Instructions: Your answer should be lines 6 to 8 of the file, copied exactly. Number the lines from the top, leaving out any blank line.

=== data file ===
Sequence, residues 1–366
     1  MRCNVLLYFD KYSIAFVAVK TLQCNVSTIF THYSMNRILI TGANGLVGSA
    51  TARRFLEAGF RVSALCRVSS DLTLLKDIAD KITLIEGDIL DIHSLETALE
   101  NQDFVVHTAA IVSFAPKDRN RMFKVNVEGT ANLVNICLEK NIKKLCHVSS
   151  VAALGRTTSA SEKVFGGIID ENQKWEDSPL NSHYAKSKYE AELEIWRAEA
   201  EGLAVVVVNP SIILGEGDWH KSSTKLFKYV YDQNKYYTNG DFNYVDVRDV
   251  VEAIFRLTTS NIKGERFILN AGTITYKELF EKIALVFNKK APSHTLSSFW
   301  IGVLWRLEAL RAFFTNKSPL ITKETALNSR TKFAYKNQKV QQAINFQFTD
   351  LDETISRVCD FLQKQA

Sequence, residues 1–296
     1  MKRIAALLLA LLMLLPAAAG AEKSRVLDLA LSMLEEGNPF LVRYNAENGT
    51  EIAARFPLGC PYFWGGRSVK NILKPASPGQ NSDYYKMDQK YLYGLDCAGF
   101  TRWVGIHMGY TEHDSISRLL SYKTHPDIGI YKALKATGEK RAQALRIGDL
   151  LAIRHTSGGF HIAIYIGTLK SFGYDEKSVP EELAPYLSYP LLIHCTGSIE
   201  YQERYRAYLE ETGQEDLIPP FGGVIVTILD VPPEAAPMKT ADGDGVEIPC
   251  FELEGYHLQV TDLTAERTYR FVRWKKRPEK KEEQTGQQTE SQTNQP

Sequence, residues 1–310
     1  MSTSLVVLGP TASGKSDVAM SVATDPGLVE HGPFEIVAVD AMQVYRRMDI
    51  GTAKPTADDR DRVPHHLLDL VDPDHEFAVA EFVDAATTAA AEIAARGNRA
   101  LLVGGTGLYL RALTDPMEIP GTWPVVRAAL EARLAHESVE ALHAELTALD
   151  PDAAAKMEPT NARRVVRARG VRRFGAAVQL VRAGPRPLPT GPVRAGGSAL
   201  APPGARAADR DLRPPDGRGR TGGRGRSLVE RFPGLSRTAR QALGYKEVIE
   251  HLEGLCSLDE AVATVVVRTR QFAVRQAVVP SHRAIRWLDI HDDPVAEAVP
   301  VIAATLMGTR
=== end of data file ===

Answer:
   201  EGLAVVVVNP SIILGEGDWH KSSTKLFKYV YDQNKYYTNG DFNYVDVRDV
   251  VEAIFRLTTS NIKGERFILN AGTITYKELF EKIALVFNKK APSHTLSSFW
   301  IGVLWRLEAL RAFFTNKSPL ITKETALNSR TKFAYKNQKV QQAINFQFTD